Publications by Yavor Kostov

Contributions of greenhouse gas forcing and the southern annular mode to historical southern ocean surface temperature trends

Geophysical Research Letters Wiley 45 (2018) 1086-1097

Y Kostov, D Ferreira, KC Armour, J Marshall

We examine the 1979-2014 Southern Ocean (SO) sea surface temperature (SST) trends simulated in an ensemble of coupled general circulation models and evaluate possible causes of the models’ inability to reproduce the observed 1979-2014 SO cooling. For each model we estimate the response of SO SST to step changes in greenhouse gas (GHG) forcing and in the seasonal indices of the Southern Annular Mode (SAM). Using these step-response functions, we skillfully reconstruct the models’ 1979-2014 SO SST trends. Consistent with the seasonal signature of the Antarctic ozone hole and the seasonality of SO stratification, the summer and fall SAM exert a large impact on the simulated SO SST trends. We further identify conditions that favor multidecadal SO cooling: 1) a weak SO warming response to GHG forcing; 2) a strong multidecadal SO cooling response to a positive SAM trend; 3) a historical SAM trend as strong as in observations.

Fast and slow responses of Southern Ocean sea surface temperature to SAM in coupled climate models

Climate Dynamics Springer 48 (2016) 1595-1609

Y Kostov, J Marshall, U Hausmann, KC Armour, D Ferreira, MM Holland

We investigate how sea surface temperatures (SSTs) around Antarctica respond to the Southern Annular Mode (SAM) on multiple timescales. To that end we examine the relationship between SAM and SST within unperturbed preindustrial control simulations of coupled general circulation models (GCMs) included in the Climate Modeling Intercomparison Project phase 5 (CMIP5). We develop a technique to extract the response of the Southern Ocean SST (55°S–70°S) to a hypothetical step increase in the SAM index. We demonstrate that in many GCMs, the expected SST step response function is nonmonotonic in time. Following a shift to a positive SAM anomaly, an initial cooling regime can transition into surface warming around Antarctica. However, there are large differences across the CMIP5 ensemble. In some models the step response function never changes sign and cooling persists, while in other GCMs the SST anomaly crosses over from negative to positive values only 3 years after a step increase in the SAM. This intermodel diversity can be related to differences in the models’ climatological thermal ocean stratification in the region of seasonal sea ice around Antarctica. Exploiting this relationship, we use observational data for the time-mean meridional and vertical temperature gradients to constrain the real Southern Ocean response to SAM on fast and slow timescales.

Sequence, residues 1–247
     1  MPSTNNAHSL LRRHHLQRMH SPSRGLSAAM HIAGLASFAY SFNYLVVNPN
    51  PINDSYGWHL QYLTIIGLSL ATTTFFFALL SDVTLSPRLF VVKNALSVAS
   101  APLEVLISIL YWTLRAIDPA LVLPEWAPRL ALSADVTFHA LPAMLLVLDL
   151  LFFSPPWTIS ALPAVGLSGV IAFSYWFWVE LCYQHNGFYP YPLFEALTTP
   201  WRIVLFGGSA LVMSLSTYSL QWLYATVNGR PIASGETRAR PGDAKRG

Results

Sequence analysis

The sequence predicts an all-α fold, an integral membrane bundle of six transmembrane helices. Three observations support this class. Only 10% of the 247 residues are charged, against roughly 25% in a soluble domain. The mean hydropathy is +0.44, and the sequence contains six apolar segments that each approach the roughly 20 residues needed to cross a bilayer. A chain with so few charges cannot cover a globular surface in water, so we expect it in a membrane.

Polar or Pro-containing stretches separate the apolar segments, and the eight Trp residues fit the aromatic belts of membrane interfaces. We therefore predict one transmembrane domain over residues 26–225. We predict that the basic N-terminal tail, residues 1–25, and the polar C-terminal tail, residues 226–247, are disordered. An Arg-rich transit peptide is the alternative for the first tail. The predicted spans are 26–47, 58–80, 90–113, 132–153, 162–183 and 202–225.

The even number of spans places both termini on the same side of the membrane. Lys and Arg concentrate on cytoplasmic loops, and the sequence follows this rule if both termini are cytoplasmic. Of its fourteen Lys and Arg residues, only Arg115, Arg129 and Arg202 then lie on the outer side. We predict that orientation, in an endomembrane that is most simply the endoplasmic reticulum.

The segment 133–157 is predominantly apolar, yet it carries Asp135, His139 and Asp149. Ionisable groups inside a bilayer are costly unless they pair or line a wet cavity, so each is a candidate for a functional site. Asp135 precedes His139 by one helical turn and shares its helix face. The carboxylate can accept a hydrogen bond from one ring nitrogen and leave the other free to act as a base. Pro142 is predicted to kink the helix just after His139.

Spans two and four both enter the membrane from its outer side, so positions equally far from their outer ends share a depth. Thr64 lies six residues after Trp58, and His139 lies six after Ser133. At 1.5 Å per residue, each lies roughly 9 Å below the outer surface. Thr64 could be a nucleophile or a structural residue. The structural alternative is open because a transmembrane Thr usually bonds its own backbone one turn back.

Sensitivity of Antarctic sea ice to the Southern Annular Mode in coupled climate models

Climate Dynamics Springer 49 (2016) 1813-1831

J Marshall, MM Holland, L Landrum, Y Kostov

We assess the sea ice response to Southern Annular Mode (SAM) anomalies for pre-industrial control simulations from the Coupled Model Intercomparison Project (CMIP5). Consistent with work by Ferreira et al. (J Clim 28:1206–1226, 2015. doi:10.1175/JCLI-D-14-00313.1), the models generally simulate a two-timescale response to positive SAM anomalies, with an initial increase in ice followed by an eventual sea ice decline. However, the models differ in the cross-over time at which the change in ice response occurs, in the overall magnitude of the response, and in the spatial distribution of the response. Late twentieth century Antarctic sea ice trends in CMIP5 simulations are related in part to different modeled responses to SAM variability acting on different time-varying transient SAM conditions. This explains a significant fraction of the spread in simulated late twentieth century southern hemisphere sea ice extent trends across the model simulations. Applying the modeled sea ice response to SAM variability but driven by the observed record of SAM suggests that variations in the austral summer SAM, which has exhibited a significant positive trend, have driven a modest sea ice decrease. However, additional work is needed to narrow the considerable model uncertainty in the climate response to SAM variability and its implications for 20th–21st century trends.